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In our second instalment of the marine survey diary, we focus on a highly collaborative 21-day survey our marine scientists carried out with colleagues from Cefas. It took place in the English Channel, aboard the research vessel RV Endeavour, from 3-25 January. The survey team visited Offshore Overfalls and Offshore Brighton Marine Conservation Zones (MCZs), to collect data which will be used to monitor any changes to the condition of the designated features of these important sites over time. In planning this survey, we worked with Natural England (NE), as Offshore Overfalls MCZ is a site for which JNCC and NE share responsibility. We also worked with the Marine and Coastguard Agency and UK Hydrographic Organisation’s Civil Hydrography Programme (https://www.gov.uk/guidance/thecivil-hydrography-programme), whose 2018 hydrographic survey of the site was crucial to our planning and will complement the data we collected on this survey. Ahead of the survey we also spoke with Historic England, who identified shipwrecks of interest to them in the area.

Post 1 With bellies full of turkey and Auld Lang Syne still ringing in our ears, we’re off from Lowestoft, on the Suffolk coast, to Offshore Overfalls MCZ. Offshore Overfalls is just east of the Isle of Wight in the English Channel and has a mixture of sediment types that make up its protected features, including subtidal coarse sediment, subtidal mixed sediment and subtidal sand. The site is similar in size to the New Forest National Park.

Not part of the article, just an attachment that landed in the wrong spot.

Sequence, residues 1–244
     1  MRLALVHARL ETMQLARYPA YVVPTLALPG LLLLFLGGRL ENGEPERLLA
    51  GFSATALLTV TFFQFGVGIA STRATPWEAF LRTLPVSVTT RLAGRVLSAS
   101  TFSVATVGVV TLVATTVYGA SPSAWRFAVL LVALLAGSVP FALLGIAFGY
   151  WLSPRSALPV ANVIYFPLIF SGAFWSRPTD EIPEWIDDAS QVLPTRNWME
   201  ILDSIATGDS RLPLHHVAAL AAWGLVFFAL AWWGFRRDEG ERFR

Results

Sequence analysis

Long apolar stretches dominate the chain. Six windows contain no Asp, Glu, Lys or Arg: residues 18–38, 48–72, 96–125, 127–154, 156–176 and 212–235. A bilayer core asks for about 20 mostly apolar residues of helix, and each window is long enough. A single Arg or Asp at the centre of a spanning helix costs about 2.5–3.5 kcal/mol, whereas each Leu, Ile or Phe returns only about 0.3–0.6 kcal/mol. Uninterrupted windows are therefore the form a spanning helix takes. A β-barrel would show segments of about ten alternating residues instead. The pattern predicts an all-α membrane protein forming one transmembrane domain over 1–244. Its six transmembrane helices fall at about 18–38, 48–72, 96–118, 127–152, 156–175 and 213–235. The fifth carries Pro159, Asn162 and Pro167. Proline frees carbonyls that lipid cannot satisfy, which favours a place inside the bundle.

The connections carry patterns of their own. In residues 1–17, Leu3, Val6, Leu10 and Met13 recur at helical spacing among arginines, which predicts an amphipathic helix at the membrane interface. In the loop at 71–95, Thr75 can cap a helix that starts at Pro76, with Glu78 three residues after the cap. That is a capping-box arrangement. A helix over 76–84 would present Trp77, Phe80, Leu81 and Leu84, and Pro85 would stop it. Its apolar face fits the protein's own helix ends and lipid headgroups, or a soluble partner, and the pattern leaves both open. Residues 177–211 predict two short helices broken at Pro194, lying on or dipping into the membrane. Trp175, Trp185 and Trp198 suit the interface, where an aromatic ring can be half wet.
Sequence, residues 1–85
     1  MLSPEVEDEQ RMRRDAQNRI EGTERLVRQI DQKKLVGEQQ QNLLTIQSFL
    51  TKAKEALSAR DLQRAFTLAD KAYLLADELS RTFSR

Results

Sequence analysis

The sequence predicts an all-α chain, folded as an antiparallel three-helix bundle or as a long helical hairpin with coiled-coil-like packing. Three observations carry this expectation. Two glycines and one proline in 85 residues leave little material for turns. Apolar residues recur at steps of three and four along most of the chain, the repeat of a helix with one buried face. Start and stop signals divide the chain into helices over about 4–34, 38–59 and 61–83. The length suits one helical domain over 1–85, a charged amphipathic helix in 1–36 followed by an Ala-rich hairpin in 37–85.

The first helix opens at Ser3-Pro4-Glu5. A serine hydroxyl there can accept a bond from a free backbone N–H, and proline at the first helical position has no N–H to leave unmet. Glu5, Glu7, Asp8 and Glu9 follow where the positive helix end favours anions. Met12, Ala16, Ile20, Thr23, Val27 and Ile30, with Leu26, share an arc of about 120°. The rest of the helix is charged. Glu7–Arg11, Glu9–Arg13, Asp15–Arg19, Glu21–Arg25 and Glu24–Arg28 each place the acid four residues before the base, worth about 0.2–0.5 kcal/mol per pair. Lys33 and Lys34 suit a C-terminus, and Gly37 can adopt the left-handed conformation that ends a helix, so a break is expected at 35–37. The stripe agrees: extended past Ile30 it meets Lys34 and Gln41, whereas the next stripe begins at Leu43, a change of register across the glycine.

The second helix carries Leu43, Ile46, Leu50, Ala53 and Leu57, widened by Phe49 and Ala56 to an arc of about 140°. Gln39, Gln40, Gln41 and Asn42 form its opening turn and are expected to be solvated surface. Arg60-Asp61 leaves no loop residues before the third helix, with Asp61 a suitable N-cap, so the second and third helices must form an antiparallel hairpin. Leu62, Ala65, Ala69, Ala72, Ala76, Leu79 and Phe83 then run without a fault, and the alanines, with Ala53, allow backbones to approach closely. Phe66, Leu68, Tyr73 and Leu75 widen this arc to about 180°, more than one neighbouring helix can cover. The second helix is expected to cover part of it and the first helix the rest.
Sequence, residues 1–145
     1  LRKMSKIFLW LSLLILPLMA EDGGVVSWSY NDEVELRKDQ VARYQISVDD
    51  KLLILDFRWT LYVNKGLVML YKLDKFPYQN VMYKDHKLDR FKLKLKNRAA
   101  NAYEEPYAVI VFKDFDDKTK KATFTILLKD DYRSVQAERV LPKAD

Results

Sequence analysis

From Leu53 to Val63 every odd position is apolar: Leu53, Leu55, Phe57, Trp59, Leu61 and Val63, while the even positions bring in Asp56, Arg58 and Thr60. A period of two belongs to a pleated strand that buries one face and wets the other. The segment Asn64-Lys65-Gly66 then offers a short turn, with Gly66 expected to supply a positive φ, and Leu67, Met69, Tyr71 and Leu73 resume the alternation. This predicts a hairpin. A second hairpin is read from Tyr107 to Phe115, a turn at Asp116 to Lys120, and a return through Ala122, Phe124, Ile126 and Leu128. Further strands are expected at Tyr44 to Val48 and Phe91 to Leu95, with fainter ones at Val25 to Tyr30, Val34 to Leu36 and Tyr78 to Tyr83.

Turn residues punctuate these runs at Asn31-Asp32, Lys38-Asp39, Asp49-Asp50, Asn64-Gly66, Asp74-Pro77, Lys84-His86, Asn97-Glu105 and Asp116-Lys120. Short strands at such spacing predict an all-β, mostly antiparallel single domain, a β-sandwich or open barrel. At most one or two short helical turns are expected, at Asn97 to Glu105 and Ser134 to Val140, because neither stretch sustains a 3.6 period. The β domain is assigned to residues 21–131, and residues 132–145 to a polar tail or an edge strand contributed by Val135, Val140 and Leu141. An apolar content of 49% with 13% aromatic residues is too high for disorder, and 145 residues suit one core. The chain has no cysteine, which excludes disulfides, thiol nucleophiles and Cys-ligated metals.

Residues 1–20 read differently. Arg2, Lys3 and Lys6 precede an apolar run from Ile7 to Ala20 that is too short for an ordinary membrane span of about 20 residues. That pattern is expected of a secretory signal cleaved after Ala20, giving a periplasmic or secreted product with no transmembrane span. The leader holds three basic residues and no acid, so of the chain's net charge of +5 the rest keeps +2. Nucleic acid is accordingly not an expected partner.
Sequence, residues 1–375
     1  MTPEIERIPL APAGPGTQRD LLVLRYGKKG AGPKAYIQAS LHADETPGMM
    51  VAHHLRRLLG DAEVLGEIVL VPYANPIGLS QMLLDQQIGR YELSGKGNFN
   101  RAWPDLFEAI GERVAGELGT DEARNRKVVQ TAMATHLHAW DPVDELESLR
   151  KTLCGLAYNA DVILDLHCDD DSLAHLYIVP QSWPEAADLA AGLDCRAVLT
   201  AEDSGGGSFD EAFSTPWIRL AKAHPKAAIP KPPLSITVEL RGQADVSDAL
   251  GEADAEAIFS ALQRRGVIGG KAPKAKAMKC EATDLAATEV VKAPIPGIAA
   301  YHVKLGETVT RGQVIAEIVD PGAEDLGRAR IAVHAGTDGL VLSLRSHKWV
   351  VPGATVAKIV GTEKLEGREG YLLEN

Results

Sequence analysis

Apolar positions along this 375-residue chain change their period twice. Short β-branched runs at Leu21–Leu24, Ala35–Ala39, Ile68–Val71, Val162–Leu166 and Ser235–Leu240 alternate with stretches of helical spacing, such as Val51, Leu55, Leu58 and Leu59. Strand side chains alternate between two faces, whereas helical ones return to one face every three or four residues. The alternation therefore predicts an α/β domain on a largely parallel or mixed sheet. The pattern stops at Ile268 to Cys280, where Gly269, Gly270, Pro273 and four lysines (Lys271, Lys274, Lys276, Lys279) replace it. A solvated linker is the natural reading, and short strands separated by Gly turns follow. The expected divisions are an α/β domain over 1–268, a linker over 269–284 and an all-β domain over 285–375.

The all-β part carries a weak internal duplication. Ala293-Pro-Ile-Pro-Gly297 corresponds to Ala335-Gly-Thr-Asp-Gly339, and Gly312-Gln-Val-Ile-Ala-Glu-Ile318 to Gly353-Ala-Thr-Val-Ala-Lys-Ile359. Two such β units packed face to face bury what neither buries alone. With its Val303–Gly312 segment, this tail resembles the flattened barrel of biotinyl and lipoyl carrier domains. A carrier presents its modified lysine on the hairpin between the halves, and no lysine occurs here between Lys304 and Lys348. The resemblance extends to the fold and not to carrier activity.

Post 2 Our first challenge is to produce a more detailed map of what the seabed looks like at Offshore Overfalls MCZ. We will be using a Multibeam Echo Sounder that will tell us two things about the seabed: how deep it is, and how hard it is.

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The sonar data also reveal further information about the wrecks Historic England had spoken to us about. One of the wrecks is the SS Alaska, which sank in collision with the British cargo vessel SS Dotterel on 15 November 1939. Two men were sadly lost in the collision but the remaining crew were rescued by other vessels.

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JNCC's Nature News Spring 2019 edition